It has been a good few weeks for those of us who advocate for climate change action. Although the US Chamber of Commerce, in anticipation of the Obama Administration’s new climate rules, preemptively released a study announcing the $51 billion they calculate that the rules will cost the economy annually, Paul Krugman countered with a delightful editorial putting that number in context — .2% of the economy — and celebrating that climate change can be addressed so cheaply.
On June 2 President Obama announced new EPA rules on coal-fired power plants, and already there are indications that China intends to set a cap on carbon emissions by 2016. Obama’s announcement was hailed as the “most sweeping climate action ever taken by a US president,” admittedly not a high bar. But high or low, this is a truly significant move. US leadership has been missing in action for way too long on climate change, and this immediate news out of China reinforces that our country’s leadership is critical to cohesive and significant global climate action.
For the days when the news is not so exciting and you need to remind yourself of why we work so hard to reduce building energy use, or when you want to understand how climate change will affect a certain place, I suggest clicking over to the National Climate Assessment 2014. Another recent Obama Administration release, this report — available both as a pdf and as an elegant, interactive web resource — is thorough, local, strategic and clear in its messaging. It outlines comprehensive impacts to climate across the United States by sector, issue or region. It makes clear that climate change is not just on its way — it’s here.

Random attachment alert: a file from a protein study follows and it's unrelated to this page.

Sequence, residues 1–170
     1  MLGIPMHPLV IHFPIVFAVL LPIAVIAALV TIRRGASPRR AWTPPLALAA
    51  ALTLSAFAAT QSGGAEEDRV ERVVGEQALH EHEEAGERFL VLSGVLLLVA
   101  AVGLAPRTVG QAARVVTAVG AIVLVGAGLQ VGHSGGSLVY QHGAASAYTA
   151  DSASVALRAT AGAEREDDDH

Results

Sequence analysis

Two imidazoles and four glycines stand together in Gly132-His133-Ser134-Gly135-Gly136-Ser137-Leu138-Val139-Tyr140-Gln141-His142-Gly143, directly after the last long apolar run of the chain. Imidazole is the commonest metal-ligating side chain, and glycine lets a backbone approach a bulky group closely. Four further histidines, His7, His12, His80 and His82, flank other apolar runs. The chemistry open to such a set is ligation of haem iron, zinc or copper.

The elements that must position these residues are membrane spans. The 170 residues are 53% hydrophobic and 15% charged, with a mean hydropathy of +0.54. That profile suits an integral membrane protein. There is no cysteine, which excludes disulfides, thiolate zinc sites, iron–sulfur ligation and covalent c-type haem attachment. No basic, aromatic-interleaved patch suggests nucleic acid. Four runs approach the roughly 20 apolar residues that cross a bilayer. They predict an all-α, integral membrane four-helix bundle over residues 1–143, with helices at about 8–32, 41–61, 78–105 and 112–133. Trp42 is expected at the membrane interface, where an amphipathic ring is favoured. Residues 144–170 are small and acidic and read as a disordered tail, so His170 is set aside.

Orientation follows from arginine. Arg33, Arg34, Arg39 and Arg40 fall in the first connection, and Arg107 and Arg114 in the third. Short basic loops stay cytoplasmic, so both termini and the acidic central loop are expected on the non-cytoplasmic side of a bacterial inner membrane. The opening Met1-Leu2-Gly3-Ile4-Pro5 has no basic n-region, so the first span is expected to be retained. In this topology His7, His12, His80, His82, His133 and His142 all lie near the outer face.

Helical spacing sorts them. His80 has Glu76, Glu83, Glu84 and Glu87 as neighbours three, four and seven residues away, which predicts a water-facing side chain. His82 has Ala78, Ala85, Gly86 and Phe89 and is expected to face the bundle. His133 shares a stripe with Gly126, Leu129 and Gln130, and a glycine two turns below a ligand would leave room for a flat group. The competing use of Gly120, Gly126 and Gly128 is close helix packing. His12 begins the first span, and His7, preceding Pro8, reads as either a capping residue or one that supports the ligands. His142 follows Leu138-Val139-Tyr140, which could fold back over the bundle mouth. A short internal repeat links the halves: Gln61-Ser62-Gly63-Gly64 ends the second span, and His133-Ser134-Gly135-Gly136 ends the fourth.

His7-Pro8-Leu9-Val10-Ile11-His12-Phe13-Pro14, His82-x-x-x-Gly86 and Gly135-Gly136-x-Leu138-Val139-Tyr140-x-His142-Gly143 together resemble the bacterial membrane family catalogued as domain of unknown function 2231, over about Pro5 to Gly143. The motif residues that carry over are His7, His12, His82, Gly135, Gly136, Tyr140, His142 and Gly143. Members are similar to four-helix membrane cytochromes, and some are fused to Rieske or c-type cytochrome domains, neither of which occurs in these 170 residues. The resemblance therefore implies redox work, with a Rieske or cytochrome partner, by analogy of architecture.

My first reaction to the report was visceral — the backdrop of each key page is video footage of a pristine and beautiful place, and it sparked both my craving to experience those places and a sense of urgency to preserve them. Each is a poignant introduction to a great communication tool. The website can be taken in small bites, or you can geek out in as deep a dive as you want. Each section is elegantly presented, with enough citations and links to keep you reading for days — or simply to provide the key messages for the next time you need to explain why reducing energy use is so important.
The work is clear and pressing, and momentum is building. It’s our task to accomplish, and we can find no higher calling than to build a future safe for our children and grandchildren.
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